James: We are in the middle of a pandemic, and approaching 10 months of isolation and frustration. Do you think that this has affected immigrants differently than the rest of the population?
Moore: Because of the federal government’s policies on immigrants over the last four years, it’s been a scary time for both people who are undocumented and those on the route to legal immigration. So while the pandemic is of course traumatic for the entire U.S. population, for immigrants it’s laid over trauma; possibly because of their immigration status, possibly because of the increased levels of xenophobia and prejudice which have become normalized through every community. So you have a crisis on top of a crisis for these people, and it’s been very difficult.
James: Can you share a story of immigrants that stands out in your mind?
Moore: I did a long-term picture story starting this spring on a family of Guatemalan immigrants. The mom, Zully, checked into a hospital seriously sick with COVID-19 and at the point of giving birth. She found herself in a situation where she was about to pass out, and she called a teacher, Luciana Lira, who herself was originally from Brazil and now teaches at Hart Magnet Elementary School in Stamford.
After Zully was put into a coma and given a C-section, that teacher accepted the newborn baby, Neysel, who was born healthy. This teacher took care of the child for months while the father, Marvin, and baby Neysel’s brother Junior, who is seven years old, recovered from COVID-19.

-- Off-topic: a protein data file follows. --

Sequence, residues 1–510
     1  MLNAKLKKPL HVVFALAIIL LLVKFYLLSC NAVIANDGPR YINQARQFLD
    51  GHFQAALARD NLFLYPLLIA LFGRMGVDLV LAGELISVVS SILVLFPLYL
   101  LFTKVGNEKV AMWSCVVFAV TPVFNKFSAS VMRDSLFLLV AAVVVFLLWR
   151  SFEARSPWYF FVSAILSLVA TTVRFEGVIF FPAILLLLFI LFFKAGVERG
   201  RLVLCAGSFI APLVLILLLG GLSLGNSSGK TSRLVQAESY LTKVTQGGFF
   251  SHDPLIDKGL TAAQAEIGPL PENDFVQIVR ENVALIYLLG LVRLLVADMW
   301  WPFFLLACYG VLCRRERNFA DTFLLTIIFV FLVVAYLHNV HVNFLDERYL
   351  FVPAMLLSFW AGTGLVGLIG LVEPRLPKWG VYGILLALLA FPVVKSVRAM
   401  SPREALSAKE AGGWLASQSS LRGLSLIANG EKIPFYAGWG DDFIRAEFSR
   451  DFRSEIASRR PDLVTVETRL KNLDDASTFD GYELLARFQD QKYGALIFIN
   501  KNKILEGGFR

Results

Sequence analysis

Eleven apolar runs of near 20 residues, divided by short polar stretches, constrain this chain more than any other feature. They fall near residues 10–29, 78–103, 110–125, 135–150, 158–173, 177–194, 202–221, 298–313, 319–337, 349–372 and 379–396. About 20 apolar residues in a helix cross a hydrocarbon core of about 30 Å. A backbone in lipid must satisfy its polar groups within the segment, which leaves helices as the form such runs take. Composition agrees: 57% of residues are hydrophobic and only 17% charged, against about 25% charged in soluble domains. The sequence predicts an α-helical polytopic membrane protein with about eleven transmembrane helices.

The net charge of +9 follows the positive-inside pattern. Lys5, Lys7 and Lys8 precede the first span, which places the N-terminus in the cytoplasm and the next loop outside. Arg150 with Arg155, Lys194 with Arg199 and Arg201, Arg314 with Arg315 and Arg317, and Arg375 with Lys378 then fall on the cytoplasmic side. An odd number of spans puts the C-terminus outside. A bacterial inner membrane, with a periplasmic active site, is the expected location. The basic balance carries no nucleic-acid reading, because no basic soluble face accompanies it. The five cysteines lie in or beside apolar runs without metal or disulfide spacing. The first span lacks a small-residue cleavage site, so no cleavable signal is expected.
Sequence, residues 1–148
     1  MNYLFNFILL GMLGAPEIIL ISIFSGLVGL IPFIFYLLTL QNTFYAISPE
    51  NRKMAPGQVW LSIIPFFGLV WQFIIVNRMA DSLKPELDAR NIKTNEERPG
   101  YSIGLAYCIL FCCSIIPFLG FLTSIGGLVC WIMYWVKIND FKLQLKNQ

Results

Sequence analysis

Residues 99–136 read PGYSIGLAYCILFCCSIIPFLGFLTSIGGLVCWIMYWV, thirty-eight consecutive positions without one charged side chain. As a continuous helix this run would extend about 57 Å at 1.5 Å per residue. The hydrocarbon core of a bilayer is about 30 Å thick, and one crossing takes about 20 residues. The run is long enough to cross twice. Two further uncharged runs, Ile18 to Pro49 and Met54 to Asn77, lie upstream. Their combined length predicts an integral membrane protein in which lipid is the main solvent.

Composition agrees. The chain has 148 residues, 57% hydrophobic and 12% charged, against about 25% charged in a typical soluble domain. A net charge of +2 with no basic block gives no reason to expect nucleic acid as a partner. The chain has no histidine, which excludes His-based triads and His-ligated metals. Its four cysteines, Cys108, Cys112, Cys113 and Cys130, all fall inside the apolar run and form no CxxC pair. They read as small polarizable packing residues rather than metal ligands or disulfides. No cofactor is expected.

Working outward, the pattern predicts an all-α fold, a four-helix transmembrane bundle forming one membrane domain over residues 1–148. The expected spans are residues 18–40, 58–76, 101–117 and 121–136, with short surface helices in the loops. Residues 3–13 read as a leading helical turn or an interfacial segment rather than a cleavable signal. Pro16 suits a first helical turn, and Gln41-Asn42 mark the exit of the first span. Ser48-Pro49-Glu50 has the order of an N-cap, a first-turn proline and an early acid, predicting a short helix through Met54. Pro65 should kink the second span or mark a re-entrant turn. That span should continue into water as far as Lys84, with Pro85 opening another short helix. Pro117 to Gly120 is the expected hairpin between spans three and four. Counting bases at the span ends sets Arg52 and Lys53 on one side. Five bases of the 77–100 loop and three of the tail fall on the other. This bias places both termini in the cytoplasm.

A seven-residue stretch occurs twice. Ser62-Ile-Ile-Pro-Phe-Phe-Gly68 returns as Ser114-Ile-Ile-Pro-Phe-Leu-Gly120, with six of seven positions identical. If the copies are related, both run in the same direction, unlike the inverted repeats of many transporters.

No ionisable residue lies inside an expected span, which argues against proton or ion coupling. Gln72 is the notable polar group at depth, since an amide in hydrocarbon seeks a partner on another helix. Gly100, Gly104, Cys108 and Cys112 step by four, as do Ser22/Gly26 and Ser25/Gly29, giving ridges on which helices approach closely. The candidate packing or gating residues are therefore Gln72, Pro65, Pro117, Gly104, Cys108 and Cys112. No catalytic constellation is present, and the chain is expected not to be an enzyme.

For this story, I was able to get full access to the family. They were so generous and kind. I was able to photograph them in Stamford Hospital, and also in their homes.
Now one might think, “Wow, how do you photograph people who are sick with COVID-19 in their homes?” Well, I was wearing protective clothing. I have a full-face respirator mask I wear when I’m photographing in infectious environments, and I also sometimes wear Tyvek suits or aprons. I wear lots of PPE.
I’ve been covering COVID all this year, both in the immigrant community and at large. But in the case of immigrants, it is so much more terrifying for them because at the same time they’re dealing with huge health crises, they’re also in fear of being deported. So it’s a very hard situation. I’m not using their last names to protect their identities, but the family I covered has been so generous, and they’re doing fine today.
That story was double-edged. It showed both the horror of this health crisis, and the beauty of how people will go to extraordinary measures to help others. There were many families here in Stamford providing meals to the teacher while she cared for the baby. Keep in mind, she was still distance teaching the whole time she was taking care of a newborn, and that was a story in itself.
And his family came along very well. Fortunately for them, they were able to benefit from a GoFundMe account, which helped the family get back on their feet. Building One Community was essential in this support, and also coordinating with the hospital.
Once in a while I get to do a story where the community really comes together and helps people out, and it made me feel good too.
James: Your book Undocumented: Immigration and the Militarization of the United States-Mexico Border represents ten years of your work in photojournalism. How can we continue to follow your work?
Moore: The easiest way to follow my work is on social media. I’m on both Instagram and Twitter at @jbmoorephoto. I use those channels professionally for the work I’m doing, not just on immigration, but on COVID-19 and the elections. I was recently in Arizona covering the eviction crisis, which unfortunately is going to get very big here in the next month or two if things aren’t done.
And I continue with my coverage for Getty Images. Getty is very kind to let me choose a lot of the topics that I work on, and it just so happens that a lot of those are here in Fairfield County. You’ll see lots of it in the Stamford Advocate, which subscribes to Getty.